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‘Hey everyone,’ says Walmart executive to the single person in its new Roblox metaverse nightmare

Walmart Land and Walmart's Universe of Play each promise “unique interactive content and entertainment,” in Walmart's words—pure innovation from start to finish, no doubt—and each paints a picture of a starkly bleak consumerist future where everything has gone wrong.

“We’re showing up in a big way—creating community, content, entertainment and games through the launch of Walmart Land and Walmart’s Universe of Play,” Walmart chief marketing officer William White said. “Roblox is one of the fastest growing and largest platforms in the metaverse, and we know our customers are spending loads of time there. So, we’re focusing on creating new and innovative experiences that excite them, something we’re already doing in the communities where they live, and now, the virtual worlds where they play.”

Walmart's two metaversal presences come off a bit like Disneyland and Disney World: Related, connected, yet very different. Walmart Land promises “a variety of immersive experiences,” naturally including a virtual store of merchandise, which Walmart has decided to describe as “verch” because no matter how bad things get, they can always get worse. Walmart's Universe of Play, on the other hand, sounds more directly game-focused: It will launch with five games (based on licensed properties like Jurassic World and Paw Patrol, of course) and will enable players to collect virtual toys that can be exchange for coins redeemable for (ugh, sigh) “avatar verch.”

The move into a virtual realm is not unprecedented. Back in the day, dozens of businesses set up shop in the groundbreaking metaverse-game Second Life, including Adidas, American Apparel, Dell, Intel, Nissan, and Sundance. But those communities were very niche: Second Life was for awhile considered a potential virtual world of the future, but it ultimately slipped sideways into an adult-oriented MMO; Walmart Land, by comparison, looks like Zuckerberg's godawful selfie brought to horrible life by an executive committee that reads the reports but doesn't really understand what they say.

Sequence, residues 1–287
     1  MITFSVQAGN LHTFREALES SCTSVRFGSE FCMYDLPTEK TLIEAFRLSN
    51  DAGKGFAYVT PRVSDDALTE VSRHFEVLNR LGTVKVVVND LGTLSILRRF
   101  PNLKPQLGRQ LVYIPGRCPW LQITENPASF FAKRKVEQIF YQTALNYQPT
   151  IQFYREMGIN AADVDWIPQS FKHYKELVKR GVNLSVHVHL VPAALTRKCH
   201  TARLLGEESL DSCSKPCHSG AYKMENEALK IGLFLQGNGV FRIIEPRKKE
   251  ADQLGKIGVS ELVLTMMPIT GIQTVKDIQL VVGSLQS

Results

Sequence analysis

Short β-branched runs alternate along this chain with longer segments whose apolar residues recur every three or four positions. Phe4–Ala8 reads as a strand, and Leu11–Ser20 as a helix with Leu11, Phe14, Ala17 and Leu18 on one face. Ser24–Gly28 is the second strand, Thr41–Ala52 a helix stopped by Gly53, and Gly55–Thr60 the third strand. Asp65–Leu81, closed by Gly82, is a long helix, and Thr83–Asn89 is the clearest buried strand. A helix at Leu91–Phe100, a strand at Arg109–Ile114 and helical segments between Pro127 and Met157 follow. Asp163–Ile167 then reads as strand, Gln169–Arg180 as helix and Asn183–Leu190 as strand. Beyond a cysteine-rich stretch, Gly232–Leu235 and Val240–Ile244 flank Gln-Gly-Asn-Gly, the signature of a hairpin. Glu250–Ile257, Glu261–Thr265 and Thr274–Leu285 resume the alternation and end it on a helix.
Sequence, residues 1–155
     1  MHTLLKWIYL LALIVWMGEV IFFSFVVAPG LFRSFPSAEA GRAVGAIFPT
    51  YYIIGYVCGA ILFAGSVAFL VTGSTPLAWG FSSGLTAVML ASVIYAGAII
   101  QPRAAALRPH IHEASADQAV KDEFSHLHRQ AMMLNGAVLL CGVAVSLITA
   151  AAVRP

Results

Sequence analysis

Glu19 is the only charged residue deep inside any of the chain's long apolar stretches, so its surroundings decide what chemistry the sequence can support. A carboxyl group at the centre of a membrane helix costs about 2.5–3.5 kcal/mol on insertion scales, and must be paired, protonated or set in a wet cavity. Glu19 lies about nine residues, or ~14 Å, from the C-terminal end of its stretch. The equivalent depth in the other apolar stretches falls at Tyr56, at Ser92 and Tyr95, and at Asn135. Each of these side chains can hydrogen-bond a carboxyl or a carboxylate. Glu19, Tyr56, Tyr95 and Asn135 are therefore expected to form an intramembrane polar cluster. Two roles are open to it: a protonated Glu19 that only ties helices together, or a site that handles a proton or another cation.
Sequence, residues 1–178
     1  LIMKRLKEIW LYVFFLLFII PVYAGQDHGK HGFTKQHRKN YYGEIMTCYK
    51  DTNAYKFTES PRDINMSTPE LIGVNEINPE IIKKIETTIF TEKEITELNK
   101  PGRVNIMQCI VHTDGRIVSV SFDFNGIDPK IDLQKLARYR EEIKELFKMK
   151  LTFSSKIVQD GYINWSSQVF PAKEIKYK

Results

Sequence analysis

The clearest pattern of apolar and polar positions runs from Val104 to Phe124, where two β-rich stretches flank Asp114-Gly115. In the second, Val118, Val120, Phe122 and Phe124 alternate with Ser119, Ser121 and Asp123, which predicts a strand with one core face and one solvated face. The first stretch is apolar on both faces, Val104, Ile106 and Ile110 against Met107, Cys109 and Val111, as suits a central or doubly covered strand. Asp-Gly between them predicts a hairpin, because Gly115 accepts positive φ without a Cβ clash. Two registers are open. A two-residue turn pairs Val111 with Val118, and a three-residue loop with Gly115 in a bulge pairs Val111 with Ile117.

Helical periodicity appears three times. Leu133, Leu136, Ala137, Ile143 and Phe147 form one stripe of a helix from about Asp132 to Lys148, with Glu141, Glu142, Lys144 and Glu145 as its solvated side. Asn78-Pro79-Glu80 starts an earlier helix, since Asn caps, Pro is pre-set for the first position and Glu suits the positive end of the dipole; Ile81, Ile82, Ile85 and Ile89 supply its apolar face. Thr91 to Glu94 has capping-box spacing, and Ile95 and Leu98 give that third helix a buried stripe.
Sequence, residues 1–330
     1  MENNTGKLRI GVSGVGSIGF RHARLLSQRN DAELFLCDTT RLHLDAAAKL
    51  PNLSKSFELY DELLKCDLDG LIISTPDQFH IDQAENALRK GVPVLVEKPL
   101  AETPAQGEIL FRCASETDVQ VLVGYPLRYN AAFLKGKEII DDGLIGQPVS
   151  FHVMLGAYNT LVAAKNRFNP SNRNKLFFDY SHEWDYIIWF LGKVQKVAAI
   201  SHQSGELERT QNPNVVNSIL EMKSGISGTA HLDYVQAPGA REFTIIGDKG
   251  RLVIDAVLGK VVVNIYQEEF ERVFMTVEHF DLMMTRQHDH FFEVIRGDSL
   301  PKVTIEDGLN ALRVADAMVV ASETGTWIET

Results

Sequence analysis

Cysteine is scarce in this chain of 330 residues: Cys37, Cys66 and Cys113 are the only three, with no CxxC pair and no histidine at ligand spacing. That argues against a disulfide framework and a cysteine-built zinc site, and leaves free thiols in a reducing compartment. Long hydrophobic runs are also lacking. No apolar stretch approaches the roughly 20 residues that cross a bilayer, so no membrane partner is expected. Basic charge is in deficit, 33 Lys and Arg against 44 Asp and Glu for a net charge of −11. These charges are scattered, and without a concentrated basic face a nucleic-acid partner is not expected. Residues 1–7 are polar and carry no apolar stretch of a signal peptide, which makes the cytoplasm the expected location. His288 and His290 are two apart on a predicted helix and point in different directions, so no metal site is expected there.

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Walmart in the metaverse

(Image credit: Walmart)
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Walmart in the metaverse

(Image credit: Walmart)
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Walmart in the metaverse

(Image credit: Walmart)
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Walmart in the metaverse

(Image credit: Walmart)
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Walmart in the metaverse

(Image credit: Walmart)
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Walmart in the metaverse

(Image credit: Walmart)

To be fair to Walmart, the Walmart Land video embedded at the top looks like a fairly conventional ad. But the video below, shared by Kotaku's Zack Zwiezen, is just flat-out grim: After 15 seconds of awkward-as-hell silence (no, there is nothing wrong with your speakers, that's just how it is), White says “Hey everyone” to an audience of one and then introduces Walmart Land as a concept for “the next generation of customers.” 

He says “verch” out loud, too.

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It's the kind of speech I've heard dozens of times previously in quarterly financial calls, filled with expressions of excitement and anticipations delivered in the flattest monotone imaginable, which is fine for an assemblage of analysts looking for EBITDA projections over the next two fiscals. But as a way to convince people to come on down and give your new virtual playground a spin, all it does is make me want to log off, set my PC on fire, and move into a forest somewhere far, far away.